A psycho killer is on the loose again, and his name is Mick Taylor

John Jarrett in Wolf Creek. Photo: supplied

John Jarrett in Wolf Creek. Photo: supplied

There's a madman on the loose – and not just any old madman.

For better or worse outback psycho killer Mick Taylor is one of the most instantly recognisable figures – perhaps even one of the most iconic – to have emerged from the Australian cinema in recent decades.

As given life by the terrifying John Jarratt – all weatherbeaten hide, wiry bristles and grunting    chuckle – he's a two-legged razorback driven by slavering, homicidal sadism.

But given the current worldwide focus on men's abuse of women, is it really the ideal time to be bringing out another season of a show about a man who famously delights in severing women's spines and subjecting them to various other forms of torture?

Indeed, is there ever really an ideal time for such a thing? Viewers who press play on this second season of Wolf Creek with anything less than wholehearted bloodlust are likely to find themselves cycling between distaste for the grotesque violence and a desire to give the show a chance for other reasons.

The season begins in jarringly unpleasant fashion with rifle crosshairs caressing an unsuspecting woman out walking her dog.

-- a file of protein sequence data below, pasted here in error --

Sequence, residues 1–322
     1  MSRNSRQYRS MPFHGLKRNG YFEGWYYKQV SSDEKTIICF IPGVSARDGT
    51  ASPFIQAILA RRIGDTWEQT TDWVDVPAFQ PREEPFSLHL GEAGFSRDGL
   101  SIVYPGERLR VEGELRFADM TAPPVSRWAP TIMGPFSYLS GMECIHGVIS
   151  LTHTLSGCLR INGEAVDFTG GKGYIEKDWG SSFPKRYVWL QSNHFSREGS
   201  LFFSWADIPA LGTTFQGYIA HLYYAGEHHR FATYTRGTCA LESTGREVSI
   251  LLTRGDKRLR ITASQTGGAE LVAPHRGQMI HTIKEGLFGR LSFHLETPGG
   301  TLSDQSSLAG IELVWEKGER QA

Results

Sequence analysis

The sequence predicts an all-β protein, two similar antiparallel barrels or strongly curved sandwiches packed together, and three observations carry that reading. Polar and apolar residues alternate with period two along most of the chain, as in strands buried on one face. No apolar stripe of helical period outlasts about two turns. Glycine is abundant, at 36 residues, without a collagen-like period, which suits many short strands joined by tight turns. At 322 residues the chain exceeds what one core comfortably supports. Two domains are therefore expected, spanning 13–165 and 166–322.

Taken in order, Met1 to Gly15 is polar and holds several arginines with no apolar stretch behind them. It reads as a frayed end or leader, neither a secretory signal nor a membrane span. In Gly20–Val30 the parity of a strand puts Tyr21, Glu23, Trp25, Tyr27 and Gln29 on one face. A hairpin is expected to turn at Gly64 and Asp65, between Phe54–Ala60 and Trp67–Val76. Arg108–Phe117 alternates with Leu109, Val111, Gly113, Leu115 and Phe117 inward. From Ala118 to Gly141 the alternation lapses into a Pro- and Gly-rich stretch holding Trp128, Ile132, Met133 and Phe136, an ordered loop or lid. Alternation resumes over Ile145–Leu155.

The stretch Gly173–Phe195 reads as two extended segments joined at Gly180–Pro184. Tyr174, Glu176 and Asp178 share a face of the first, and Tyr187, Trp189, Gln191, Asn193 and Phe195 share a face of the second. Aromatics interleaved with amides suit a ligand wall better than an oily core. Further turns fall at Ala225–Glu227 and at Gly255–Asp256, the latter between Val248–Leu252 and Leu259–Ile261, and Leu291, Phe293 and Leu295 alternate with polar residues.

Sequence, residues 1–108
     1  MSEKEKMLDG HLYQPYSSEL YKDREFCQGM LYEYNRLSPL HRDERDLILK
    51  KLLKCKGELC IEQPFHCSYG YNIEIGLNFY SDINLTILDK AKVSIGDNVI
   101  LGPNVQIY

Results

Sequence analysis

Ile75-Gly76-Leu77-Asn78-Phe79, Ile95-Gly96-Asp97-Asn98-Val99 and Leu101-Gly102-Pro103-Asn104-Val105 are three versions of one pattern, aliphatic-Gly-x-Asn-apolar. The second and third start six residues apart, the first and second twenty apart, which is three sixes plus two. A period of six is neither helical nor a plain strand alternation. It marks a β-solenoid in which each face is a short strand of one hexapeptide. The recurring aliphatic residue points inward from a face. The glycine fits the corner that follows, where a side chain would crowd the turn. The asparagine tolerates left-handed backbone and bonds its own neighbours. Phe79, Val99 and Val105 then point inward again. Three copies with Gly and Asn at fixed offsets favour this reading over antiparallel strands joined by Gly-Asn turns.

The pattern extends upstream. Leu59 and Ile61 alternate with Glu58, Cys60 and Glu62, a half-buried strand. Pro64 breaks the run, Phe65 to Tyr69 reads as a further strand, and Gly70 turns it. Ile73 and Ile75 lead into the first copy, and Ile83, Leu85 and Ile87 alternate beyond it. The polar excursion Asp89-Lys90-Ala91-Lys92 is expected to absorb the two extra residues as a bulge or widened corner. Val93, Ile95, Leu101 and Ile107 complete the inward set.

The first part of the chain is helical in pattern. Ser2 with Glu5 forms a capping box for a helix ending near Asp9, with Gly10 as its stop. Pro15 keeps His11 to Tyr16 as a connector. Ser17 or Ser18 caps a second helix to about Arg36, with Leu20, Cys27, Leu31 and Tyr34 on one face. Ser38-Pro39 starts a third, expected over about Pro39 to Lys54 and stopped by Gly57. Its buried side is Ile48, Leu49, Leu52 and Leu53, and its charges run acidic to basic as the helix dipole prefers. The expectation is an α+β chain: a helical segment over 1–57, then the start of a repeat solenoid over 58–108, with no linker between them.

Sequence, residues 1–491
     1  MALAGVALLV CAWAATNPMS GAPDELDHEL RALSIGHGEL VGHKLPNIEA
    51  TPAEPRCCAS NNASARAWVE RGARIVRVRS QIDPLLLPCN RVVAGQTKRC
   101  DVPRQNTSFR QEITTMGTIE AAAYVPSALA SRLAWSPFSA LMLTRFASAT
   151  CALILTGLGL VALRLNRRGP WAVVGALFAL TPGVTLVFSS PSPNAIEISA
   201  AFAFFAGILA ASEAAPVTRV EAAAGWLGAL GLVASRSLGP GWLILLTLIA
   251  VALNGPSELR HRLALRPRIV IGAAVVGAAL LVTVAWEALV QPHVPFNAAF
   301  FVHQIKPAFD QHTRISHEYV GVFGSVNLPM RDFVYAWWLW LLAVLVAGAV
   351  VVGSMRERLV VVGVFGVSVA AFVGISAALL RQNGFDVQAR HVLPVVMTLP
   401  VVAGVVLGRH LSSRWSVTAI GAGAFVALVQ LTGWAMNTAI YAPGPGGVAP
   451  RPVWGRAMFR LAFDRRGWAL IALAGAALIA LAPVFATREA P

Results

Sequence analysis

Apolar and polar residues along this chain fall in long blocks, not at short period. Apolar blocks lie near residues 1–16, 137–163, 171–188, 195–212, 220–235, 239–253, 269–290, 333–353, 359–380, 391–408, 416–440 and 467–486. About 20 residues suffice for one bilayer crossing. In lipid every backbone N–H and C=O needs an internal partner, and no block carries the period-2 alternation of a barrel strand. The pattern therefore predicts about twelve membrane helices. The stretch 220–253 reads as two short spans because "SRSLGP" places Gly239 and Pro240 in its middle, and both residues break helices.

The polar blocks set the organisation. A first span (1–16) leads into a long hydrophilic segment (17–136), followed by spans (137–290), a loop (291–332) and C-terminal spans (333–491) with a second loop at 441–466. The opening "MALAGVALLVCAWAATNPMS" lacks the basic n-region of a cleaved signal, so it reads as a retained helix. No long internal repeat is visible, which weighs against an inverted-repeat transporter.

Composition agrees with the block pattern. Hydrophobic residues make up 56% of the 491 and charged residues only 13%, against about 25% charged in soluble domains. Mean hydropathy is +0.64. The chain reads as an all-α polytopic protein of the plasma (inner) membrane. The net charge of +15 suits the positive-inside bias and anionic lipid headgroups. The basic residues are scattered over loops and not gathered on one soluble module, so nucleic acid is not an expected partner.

But the rest of that scene, which otherwise involves just Taylor and a similarly rough-hewn outback gun-shop owner played by Chris Haywood, is captivating stuff.

And when the camera moves outside, the big sky, sizzling powerlines and dead rabbits hanging from a wire fence combine to generate a thrilling sense of menace.

So the series proceeds, the enjoyable aspects of cinematography, characterisation and performance alternating with repulsive, senseless torture and murder.

Taylor's victims this time around are a busload of tourists setting out from Adelaide on an outback adventure. Led by good-natured bus driver Davo (Ben Oxenbould), they're a diverse mob that includes a chatty, eccentric Kiwi (The Hobbit's Stephen Hunter), an American war veteran (Christopher Kirby), a know-it-all British psychiatrist (Matt Day) and various other sorts from across Australia, Europe and North America.

With the writing making them mostly quite likeable – and with Jarratt making Taylor so mesmerising – it's hard not to ponder whether the story couldn't have been tweaked so that Taylor wasn't really coming to kill them all, and was in fact out to save them from radioactive mutant goannas or something.

Of course, once you find yourself wishing that you were watching an entirely different show you're better off doing just that.

Wolf Creek (season 2) streams on Stan from December 15.